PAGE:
Hosting the 2019 FIFA Women's World Cup was found to have financial benefits for France ©Getty Images

A report published by the French Football Federation (FFF) and the Organising Committee for the FIFA Women’s World Cup 2019 found that hosting the event contributed €284 million (£256 million/$322 million) to the country's gross domestic product (GDP).

The report, conducted and consolidated over recent months, aims to highlight the positive social, economic and environmental benefits left by the tournament.

It found hosting the World Cup resulted in a direct, indirect and induced contribution of €284 million to France’s GDP, with a net capital gain of €108 million (£97 million/$122 million) to French GDP generated by the competition.

In addition, the report found the average contribution to GDP per spectator was €142 (£128/$161).

For every €1 (£0.90/$1.10) spent, the nine host cities and regions of the competition have benefited from a return on investment between €2 (£1.80/$2.20) to €20 (£18/$22) of contribution to the French GDP.

"The FIFA Women’s World Cup France 2019 was an unprecedented success, breaking numerous records on and off the pitch," said FIFA President Gianni Infantino.

"In line with FIFA’s commitment to organise tournaments in a sustainable way, this report further highlights the lasting impact and legacy of France 2019, not only for women’s football, but also for the local economy and the society.

"As FIFA now begins a new journey towards the next FIFA Women’s World Cup in 2023, we would like to warmly thank France, the FFF and the Organising Committee for their commitment to delivering a sustainable legacy for France 2019 and look forward to working together with Australia and New Zealand to break new records in 2023 and further boost women’s football in the region and around the world."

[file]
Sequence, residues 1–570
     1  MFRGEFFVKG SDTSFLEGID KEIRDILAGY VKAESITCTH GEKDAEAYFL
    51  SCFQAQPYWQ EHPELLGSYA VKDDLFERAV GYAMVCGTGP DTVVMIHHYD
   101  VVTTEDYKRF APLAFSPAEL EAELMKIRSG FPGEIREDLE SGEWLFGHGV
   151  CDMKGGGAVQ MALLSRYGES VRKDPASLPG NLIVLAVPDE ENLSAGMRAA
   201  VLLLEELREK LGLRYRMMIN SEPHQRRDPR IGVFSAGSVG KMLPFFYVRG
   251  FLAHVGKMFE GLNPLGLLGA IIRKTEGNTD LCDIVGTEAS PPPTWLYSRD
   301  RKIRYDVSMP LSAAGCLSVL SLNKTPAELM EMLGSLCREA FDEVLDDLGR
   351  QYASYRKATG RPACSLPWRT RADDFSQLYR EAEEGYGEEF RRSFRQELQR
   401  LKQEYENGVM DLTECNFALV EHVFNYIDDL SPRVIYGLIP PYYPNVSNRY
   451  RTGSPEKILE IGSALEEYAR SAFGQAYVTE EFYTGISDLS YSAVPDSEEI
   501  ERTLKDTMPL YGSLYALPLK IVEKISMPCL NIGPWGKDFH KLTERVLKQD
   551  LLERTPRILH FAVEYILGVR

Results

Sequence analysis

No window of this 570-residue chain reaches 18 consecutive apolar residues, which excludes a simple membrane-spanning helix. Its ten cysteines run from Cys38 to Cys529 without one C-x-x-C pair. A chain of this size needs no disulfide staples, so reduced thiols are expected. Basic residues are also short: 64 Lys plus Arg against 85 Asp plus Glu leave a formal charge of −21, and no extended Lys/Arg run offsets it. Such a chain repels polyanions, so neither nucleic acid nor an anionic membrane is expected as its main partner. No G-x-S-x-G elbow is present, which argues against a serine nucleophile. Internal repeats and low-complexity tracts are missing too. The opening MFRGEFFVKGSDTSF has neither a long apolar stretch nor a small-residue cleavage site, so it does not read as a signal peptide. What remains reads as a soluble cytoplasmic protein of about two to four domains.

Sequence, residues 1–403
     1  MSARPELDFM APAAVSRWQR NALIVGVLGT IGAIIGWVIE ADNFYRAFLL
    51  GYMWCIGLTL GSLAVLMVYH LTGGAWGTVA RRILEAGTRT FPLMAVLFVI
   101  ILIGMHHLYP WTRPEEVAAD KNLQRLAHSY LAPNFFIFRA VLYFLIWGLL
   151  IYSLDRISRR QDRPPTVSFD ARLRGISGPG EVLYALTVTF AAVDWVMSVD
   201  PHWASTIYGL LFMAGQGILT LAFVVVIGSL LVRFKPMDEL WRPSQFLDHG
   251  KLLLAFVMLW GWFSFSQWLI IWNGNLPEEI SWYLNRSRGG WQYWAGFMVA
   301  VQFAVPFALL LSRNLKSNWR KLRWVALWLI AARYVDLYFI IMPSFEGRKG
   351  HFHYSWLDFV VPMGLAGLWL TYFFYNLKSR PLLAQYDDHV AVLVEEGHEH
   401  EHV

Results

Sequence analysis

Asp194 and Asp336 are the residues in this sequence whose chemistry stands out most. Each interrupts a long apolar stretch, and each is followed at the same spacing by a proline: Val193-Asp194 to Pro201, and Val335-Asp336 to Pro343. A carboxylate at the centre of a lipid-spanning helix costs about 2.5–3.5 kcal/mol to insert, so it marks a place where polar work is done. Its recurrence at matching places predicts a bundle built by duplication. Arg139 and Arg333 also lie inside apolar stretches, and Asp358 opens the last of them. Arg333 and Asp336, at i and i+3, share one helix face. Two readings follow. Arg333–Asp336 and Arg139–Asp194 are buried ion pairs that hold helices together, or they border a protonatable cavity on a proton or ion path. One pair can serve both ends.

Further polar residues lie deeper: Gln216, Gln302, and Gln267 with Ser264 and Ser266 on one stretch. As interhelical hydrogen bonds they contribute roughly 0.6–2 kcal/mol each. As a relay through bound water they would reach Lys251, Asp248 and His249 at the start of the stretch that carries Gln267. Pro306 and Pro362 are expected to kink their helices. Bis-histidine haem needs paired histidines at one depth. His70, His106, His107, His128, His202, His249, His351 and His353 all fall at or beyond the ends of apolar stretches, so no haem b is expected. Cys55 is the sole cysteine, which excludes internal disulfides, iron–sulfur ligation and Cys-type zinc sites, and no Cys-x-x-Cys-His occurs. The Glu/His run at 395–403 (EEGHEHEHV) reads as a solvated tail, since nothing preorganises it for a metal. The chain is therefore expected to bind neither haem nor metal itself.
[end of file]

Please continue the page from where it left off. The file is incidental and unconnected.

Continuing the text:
FIFA and the Organising Committee also collaborated to produce an accessibility programme for disabled people and people with limited mobility, including infrastructure requirements, customised services, accessible seating categories and training of the workforce, as well as an audio-descriptive commentary of matches for blind and partially sighted fans.

The United States earned their fourth title at the 2019 Women's World Cup in France ©Getty Images
The United States earned their fourth title at the 2019 Women's World Cup in France ©Getty Images

Further achievements were the publication of a non-discriminatory language guide for the media on women’s football, and a six-month professional development programme for young people.

"The first satisfaction is to have proved that a women's football competition can win popular support and help to change the perception of women's football," said FFF and Organising Committee President Noël Le Graët.

"In 2014, when the FFF decided to take over the organisation, I remember the scepticism surrounding the organisation, particularly with regard to the economic dimension. 

"Today, the economic results are positive. 

"They prove that the efforts of FIFA, the Organising Committee, the FFF, the leagues, and the host regions and cities have paid off.

"It is also a source of pride that football, with the organisation of a major women's sporting event, brings significant direct and indirect economic benefits to the territories and the community. 

"The environmental effort should also be highlighted. 

"In this sector, the FFF's involvement, with the implementation of its eco-responsible policy, must continue."

The United States triumphed at the 2019 World Cup, defeating The Netherlands in the final to claim their fourth world title. 

Australia and New Zealand are set to host the next edition of the tournament in 2023.